Every advisor will tell you that guiding investors through turbulent markets is one of the fundamental ways they can add value.
Yet the results of a new study, which was carried out amid the December volatility, serve a stark reminder that many money managers are not doing enough to explain and educate clients about how their money is performing.
According to the J.D. Power 2019 Canada Full Service Investor Satisfaction Study, for the first time since the 2008 financial crisis customer satisfaction has decreased, dropping from 785 (on a 1,000-point scale) to 778.
The study revealed that 32% of investors polled said their advisor did not take the time to explain their portfolio performance during the past year. Investors not receiving an advisor explanation are almost twice as likely as those who receive an explanation (36% v 19%) to indicate that their financial performance was “worse than expected” and were significantly less satisfied with both performance and their advisor.
The largest decline in performance satisfaction was among affluent investors with assets greater than $500,000, dropping 38 points year over year. More than a quarter of affluent investors indicate performance was “worse than expected”, with 16% of this group planning to decrease their investments during the next 12 months. Only 4% of affluent investors said performance was “as expected” or “better than expected”.
The report also ranked companies with a significant sample size of investors according to investor satisfaction levels, with Edward Jones topping the table for the seventh year running.
Mike Foy, senior director of wealth intelligence at J.D. Power, told WP that, while the market had made up a lot ground since the December drop, it was the most volatile month at the end of a year where both US and Canada were down. The fact satisfaction with investment performance was down was, therefore, not a surprise.
However, he said the study shone a light on how advisors can mitigate declines when the markets are working against them.
He said: “Having frequent communication, being very responsive when clients call or have questions, and then specifically having conversations that provide that critical transparency on things like performance.
“When portfolio are up and everyone is doing great, that’s a conversation as an advisor that you want to have. Maybe when your client portfolios aren’t looking so great, the instinct is going to be to delay that or shy away from having that tough conversation with clients.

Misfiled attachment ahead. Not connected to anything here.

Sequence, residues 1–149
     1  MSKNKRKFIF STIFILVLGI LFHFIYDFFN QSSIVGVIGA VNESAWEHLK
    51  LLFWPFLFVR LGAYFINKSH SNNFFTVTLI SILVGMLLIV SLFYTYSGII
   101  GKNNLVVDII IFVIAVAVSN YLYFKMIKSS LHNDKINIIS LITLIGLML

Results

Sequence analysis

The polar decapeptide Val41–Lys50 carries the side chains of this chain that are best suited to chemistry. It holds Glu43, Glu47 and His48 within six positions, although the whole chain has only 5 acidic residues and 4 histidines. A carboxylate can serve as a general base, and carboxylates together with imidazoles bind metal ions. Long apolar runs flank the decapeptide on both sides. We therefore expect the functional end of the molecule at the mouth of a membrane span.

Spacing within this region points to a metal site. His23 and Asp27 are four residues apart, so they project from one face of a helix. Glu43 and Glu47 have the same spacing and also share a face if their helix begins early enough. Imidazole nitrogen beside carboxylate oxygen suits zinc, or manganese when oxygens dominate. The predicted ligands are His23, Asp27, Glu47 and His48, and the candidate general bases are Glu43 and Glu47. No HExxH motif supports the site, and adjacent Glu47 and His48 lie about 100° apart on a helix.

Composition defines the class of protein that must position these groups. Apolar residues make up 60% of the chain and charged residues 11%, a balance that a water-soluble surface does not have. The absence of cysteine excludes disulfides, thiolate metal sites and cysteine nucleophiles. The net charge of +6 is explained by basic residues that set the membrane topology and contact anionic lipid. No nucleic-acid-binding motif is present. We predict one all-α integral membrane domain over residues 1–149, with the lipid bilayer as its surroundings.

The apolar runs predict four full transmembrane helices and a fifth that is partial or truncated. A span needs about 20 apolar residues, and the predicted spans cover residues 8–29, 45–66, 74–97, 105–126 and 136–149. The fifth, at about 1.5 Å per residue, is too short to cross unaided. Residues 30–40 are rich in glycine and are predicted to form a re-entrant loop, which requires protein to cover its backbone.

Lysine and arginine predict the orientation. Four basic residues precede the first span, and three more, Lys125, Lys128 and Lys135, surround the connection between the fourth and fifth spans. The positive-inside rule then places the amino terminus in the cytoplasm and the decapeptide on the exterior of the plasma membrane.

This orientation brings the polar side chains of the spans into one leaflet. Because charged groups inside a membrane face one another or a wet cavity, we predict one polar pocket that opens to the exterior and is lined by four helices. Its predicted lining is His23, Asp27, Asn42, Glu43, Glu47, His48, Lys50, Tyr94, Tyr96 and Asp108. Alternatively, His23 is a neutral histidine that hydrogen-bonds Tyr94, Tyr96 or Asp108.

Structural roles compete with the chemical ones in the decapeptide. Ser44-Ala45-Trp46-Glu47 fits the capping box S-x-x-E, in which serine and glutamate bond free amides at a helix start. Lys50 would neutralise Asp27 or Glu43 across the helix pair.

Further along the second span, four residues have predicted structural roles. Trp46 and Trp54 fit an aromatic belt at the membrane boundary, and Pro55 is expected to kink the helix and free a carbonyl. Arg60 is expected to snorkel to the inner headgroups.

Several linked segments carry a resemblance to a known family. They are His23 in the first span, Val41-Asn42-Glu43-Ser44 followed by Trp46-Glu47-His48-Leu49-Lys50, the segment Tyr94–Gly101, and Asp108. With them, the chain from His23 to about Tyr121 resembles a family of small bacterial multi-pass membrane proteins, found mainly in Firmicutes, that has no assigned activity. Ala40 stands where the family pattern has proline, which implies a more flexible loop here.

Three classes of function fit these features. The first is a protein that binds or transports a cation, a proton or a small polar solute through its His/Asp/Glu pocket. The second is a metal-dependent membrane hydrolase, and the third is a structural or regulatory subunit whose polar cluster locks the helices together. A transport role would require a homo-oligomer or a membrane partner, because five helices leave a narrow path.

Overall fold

“We see evidence that advisors aren’t having that conversation as often as they did in better times but also that those that are having it are seeing more of a lift in terms of their clients’ satisfaction levels.”
Foy said that this is an indicator of complacency among investors after the extended bull run we have all enjoyed. If the returns are good, there is less tendency to question the value of what you are getting when it comes to fees and performance.
But he added: “In the long run, we don’t know whether December was just a speed bump or not but periods like that are when people start to ask questions about the value their advisor is providing. If it’s not something more than investment advice, those folks are at greater risk compared to advisors who really are providing help with setting goals and developing strategies to stay on.”
With the much-talked about CRM2 now fully entrenched in the industry and “transparency” a watch word, almost a third of investors (31%) surveyed said they still don’t have complete understanding of fees, down only slightly from 32% last year.
Power said that, in general, CRM2 has not made much of a difference and that there remains a huge opportunity for advisors to distinguish themselves.
He said: “We find, again, that when advisors take the time to explain this stuff to clients in a one-on-one context, it enables them to ask questions and have that dialogue. We see that as a real differentiator and something that lifts satisfaction scores versus just expecting them to make sense of a new report they find in their inbox or on their doorstep.”
Another key takeaway from the study was how important mobile interaction was among millennial investors. It revealed that while among boomers and pre-boomers, just 29% interacted with their investment firm via their cell phone, that number jumped to 68% among millennials and younger investors.
The millennial mobile usage skewed more towards phone usage than tablet, suggesting firms need to ensure their mobile apps are evolving to meet the different needs and expectations of the younger generation.
The study measured overall investor satisfaction with full-service investment firms in eight factors (in order of importance): financial advisor; firm interaction; account information; information resources; product offerings; investment performance; commissions and fees; and problem resolution.
It was based on responses from 3,947 investors from November 2018 through January 2019.